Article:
Biography of Charles McBurney
Charles McBurney was one of the surgeons pioneering the diagnostics and operative treatment of appendicitis.
After graduating in arts from Harvard in 1866, McBurney went to New York and obtained his M.D. from the College of Physicians and Surgeons in 1870. He then spent two years in Europe for further study in Berlin, London, Paris, and Vienna. Following his return to the United States in 1873 he commenced practice in New York, gaining appointment as an assistant demonstrator in anatomy at his alma mater, the College of Physicians and Surgeons. He was elected assistant surgeon to the Bellevue Hospital in 1880, and in 1888 was appointed the surgeon-in-chief at the Roosevelt Hospital, where most of his clinical work, including his famous studies on appendicitis was completed. He rapidly made his hospital one of the centres of surgical excellence in the world of its day.
Progressing through the academic ranks, he served as professor of surgery from 1889 to 1894 and from 1894 1907, as professor of clinical surgery.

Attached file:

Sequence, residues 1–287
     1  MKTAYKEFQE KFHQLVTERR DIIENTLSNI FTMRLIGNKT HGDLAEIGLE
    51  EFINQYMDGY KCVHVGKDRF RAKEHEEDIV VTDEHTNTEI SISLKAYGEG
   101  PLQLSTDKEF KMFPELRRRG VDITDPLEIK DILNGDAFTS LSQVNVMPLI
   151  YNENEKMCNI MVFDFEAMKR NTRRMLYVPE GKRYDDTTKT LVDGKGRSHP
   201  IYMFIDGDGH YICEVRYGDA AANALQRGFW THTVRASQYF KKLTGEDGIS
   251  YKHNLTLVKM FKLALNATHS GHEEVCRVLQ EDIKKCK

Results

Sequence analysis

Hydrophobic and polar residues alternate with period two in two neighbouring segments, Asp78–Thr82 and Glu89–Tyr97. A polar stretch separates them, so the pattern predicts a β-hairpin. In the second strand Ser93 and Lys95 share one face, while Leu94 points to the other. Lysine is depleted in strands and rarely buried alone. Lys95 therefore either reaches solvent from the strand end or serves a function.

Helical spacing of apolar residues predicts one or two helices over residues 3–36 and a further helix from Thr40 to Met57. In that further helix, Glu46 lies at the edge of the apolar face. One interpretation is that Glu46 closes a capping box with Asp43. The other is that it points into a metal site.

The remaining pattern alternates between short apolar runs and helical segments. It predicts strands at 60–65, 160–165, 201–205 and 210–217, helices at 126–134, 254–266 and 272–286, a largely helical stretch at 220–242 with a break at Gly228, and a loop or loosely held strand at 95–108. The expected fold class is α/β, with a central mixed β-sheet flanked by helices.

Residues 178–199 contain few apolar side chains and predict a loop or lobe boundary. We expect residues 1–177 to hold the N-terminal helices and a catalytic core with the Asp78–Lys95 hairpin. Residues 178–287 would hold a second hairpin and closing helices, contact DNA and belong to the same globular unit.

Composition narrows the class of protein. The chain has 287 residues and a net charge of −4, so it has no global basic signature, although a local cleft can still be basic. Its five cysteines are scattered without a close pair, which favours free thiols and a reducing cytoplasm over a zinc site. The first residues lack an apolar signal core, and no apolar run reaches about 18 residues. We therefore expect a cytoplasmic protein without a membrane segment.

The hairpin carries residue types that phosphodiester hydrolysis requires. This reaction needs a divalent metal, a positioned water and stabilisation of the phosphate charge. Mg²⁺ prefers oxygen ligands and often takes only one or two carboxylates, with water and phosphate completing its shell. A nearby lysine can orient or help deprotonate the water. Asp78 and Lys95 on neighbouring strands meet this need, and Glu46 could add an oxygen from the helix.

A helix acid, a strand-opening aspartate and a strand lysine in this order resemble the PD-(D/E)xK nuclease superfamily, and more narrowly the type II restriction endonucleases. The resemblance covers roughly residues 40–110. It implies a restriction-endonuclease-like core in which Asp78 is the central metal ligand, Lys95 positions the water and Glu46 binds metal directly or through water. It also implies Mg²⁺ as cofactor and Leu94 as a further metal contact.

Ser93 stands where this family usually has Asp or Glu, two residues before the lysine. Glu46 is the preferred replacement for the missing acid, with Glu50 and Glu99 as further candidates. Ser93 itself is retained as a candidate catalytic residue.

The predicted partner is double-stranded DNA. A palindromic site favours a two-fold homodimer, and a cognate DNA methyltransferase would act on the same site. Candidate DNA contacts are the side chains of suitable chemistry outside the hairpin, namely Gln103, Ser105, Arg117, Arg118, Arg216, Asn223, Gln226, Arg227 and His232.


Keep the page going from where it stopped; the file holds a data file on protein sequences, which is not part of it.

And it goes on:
McBurney’s classic report on early operative interference in cases of appendicitis was presented before the New York Surgical Society in 1889. In it he described the area of greatest abdominal pain in this disease process, now known as McBurney’s point. Five years later, he set forth in another paper the incision that he used in cases of appendicitis, now called McBurney’s incision.
He published numerous papers and was a keen hunter and fisherman. He died of a coronary thrombosis while on a hunting trip.